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H i g h - p e r f o r m a n c e D e s i g n

Critics cite need for improvements to popular rating systems

b y L a r s S t a n l e y , AIA , a n d L a u r e n W o o dw a r d S t a n l e y , AIA

At a time when our nation’s financial system seems to be imploding, it’s sometimes distressing to ponder what the future holds for the architectural profession. Our livelihoods are inextricably tied to the fortunes of the building industry, which quickly reacts to any economic downturn and in turn affects our work accordingly. Troubling, too, is the issue of global warming because our profession has an immediate and direct impact on the environment. And considering that buildings in the U.S. consume about 70 percent of the nation’s total electricity output and 12 percent of its water, it is evident that what we do as designers and builders in the future must be increasingly responsive to such grave issues. Clearly, we cannot continue on the path we have been following since the use and availability of resources are drastically transforming the landscape ahead. The building industry has recognized its own impact on resources to some degree and is responding to an extent. Resource conservation and energyefficient design have gone beyond mere lip service in the last few years, but a sizable amount of the effort has produced results largely within the context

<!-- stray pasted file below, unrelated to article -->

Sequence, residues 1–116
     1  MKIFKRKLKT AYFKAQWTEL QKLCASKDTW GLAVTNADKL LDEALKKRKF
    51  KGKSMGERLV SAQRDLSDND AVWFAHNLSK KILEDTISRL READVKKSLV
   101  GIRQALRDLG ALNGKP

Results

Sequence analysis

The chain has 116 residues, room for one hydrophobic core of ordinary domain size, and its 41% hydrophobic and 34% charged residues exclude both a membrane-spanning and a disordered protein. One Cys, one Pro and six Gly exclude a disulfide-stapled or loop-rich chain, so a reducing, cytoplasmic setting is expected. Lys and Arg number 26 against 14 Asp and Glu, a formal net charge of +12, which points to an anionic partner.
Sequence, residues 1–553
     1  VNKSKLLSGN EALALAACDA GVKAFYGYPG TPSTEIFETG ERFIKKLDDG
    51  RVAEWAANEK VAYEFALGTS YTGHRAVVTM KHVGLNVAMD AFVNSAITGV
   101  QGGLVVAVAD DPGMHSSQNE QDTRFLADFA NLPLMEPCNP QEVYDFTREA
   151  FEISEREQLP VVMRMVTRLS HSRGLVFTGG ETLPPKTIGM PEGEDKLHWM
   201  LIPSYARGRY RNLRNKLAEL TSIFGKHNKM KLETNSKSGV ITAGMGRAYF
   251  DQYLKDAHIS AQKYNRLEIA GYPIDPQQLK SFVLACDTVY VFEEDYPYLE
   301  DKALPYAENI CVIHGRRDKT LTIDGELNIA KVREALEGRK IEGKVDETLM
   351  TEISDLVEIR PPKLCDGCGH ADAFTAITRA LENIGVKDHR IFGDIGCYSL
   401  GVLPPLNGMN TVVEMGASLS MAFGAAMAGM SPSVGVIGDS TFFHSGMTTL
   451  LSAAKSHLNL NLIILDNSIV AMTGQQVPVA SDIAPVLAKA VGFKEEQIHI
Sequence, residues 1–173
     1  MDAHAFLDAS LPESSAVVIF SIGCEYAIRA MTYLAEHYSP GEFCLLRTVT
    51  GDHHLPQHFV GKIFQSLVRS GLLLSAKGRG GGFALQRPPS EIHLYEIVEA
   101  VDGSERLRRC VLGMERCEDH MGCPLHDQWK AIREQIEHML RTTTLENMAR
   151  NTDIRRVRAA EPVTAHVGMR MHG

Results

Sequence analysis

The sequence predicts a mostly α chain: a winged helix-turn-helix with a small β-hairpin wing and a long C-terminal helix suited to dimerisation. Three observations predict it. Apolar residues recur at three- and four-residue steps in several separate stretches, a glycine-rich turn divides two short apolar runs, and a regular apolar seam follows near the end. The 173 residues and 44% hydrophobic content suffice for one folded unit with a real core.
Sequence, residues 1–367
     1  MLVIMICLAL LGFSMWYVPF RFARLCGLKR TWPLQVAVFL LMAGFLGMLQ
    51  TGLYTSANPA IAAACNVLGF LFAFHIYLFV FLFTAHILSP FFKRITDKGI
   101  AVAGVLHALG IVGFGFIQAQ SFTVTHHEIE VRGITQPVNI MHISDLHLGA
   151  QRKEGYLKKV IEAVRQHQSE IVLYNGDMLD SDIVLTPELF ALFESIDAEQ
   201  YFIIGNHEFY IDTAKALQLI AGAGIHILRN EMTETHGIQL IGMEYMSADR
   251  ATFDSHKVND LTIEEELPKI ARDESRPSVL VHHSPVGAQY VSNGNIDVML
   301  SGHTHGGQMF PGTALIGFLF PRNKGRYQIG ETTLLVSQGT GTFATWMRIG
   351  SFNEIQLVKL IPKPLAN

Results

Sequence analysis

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Texas Architect Nov/Dec 2008: High-Preformance Design